When the full-scale replica of Noah's Ark first came to Bergen, Norway on Sunday, people didn't know what to think. Were we all doomed? Was God's fury upon the Norwegian people? Was the punishment for inventing the onepiece finally here in the form of a crazy flood?
Turns out all my biblical themed fears were plain nonsense. After doing some investigation, I found out that the owner of the ark wasn't Noah himself but a dutch TV and theater producer named Aad Peters. Peters has been living on the ship for five years and is the owner of what can best be described as a floating museum of biblical artifacts. We sat down with Peters in his ark to find out what his bizarre exhibition on water was all about.
VICE: Hi Aad! So, tell us about this ark.
Aad Peters: Well, I bought the ship and then I filled it with stories from the Bible. It is 70 meters long, 10 meters wide and 13 meters in height, so it's not as big as the biblical ark, but almost. I've focused on the Old Testament, but there are some stories from the New Testament, because the two are connected. You really can't have one without the other. Journalists always ask me if this is a religious or a missionary ship, but it's neither of them. I'm a storyteller and the Bible has some great stories that I think need to be told. I see the Bible as a book of history.
I see. A literal book of history?
No, but there are so many things we don't understand in the world, like what do you believe in?
Well science has not been able to explain to me why I want to live. For example: If I shot you right now…
…you would try to escape and try to survive. Why is that? Also, why do I know that I am me, why am I self-aware? Science does not answer this. Science answers the question of what everything is built of. That everything is atoms. But this mobile phone in my hand, that is not me, but it is atoms. I am not religious, but I believe that there are many things that we do not understand in the world. Like the stories you hear. For example: there can be a pair of twins, one on each side of the world, but if one of them dies the other one feels it. The twin wakes up in the middle of the night and knows. How? Those are the kinds of questions I want this exhibition to ask, even though I don't have the answers.
How do you ask these questions with this museum?
The exhibit is made up of puppets, animal hides and bones. We used to have live animals on board, but not anymore. It caused too many problems. The puppets are made by different talented people from around the world. I bought tons of dead 1500–year–old olive trees from a failed vineyard and I let sculptors make them into characters that are in the Bible. I've also collected a lot of things over the years, so there are old religious artifacts in the collection as well. I have a table on the top floor with hundreds of broken dolls from the nativity scene. We have some interactive sculptures as well. We have a piece about the story of David and Goliath where you can pull a rope to hit Goliath on the head to make him fall backwards, but he always gets back up again. I won't tell the whole story here. You really have to think for yourself, and analyze. When people come here we give them a piece of paper with questions about each part to guide them through the exhbition and make them think.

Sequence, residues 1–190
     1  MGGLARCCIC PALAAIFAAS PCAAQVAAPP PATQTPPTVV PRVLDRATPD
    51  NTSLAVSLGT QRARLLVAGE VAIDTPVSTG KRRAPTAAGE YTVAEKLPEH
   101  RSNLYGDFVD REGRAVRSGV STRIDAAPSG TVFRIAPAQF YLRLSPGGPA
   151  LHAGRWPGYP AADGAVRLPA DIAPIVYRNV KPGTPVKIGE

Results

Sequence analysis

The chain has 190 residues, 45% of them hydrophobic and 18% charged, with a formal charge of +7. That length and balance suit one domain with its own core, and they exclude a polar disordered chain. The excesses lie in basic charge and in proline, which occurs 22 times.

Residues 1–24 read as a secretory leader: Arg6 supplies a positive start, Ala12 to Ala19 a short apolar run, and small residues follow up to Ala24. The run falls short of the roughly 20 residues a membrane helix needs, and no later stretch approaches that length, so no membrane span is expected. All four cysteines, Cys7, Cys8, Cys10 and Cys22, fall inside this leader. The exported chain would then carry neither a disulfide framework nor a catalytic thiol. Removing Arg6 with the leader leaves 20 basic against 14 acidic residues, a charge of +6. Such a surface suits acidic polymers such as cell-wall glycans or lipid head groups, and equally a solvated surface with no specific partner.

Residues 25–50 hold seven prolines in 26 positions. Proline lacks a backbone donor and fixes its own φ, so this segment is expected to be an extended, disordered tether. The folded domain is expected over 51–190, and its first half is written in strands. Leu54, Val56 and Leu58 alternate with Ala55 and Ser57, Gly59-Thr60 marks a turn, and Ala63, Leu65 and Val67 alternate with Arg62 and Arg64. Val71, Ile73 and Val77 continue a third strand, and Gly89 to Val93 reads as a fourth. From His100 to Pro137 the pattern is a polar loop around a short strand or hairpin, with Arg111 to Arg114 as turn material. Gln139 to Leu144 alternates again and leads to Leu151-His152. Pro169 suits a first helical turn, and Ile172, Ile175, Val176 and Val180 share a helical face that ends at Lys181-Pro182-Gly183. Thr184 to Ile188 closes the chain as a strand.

What kind of people visits a floating museum with biblical artifacts?
All kinds! There are a lot of religious people who come, but some of them seem to come just to check if I got the story right. Some of them think I haven't got it right. I also invite different people here. I have some friends in Hells Angels whom I've invited and they seemed to like it. But not the Hells Angels from Flensburg, Germany, close to the Danish border, they are very violent because they think they are Vikings. When we first opened the exhibit in the Netherlands I invited a man called Udo Nagel, who had just opened a Darwin exhibition. I kind of tricked him. I asked if I could wash his feet, like they did in the old biblical times to show respect and friendship. He ended up washing my feet as well in front of all the journalists. You see, I like to make waves. We have a theatrical stage on the Ark that people can rent, but I don't allow religious propaganda. If they want to do something like that, I'll invite someone from an opposite viewpoint so that there can be a discussion. That is how we learn!
Where has the Ark been, and where is it going?
We have been open for five years. We started in the Netherlands. We went to Cologne, then Denmark. Now we are in Norway. We started in Arendal, Kristiansand and then Stavanger and now Bergen. After these three months we will go to Oslo and hopefully Sweden.
Do people react differently to your ark in different countries?
People are inherently different and I think that's great. I would hate it if we where all the same. I think the way the world is going we will all soon be all the same. The Danish seem frustrated, while to Norwegians are much more laid back. Germans and the Dutch are more volatile. I haven't been in Sweden that much, but they sort of seem like hillbillies in their American cars and with their bad music.
So, if shit hits the fan and there is another "divine" flood, could you save us with your ark?
Sadly, no. I don't like to use the word miracle, but it is a miracle that we got to Norway. The Ark has to be towed by a ship and can't handle more than two meter waves.
Oh. Thank you for your time!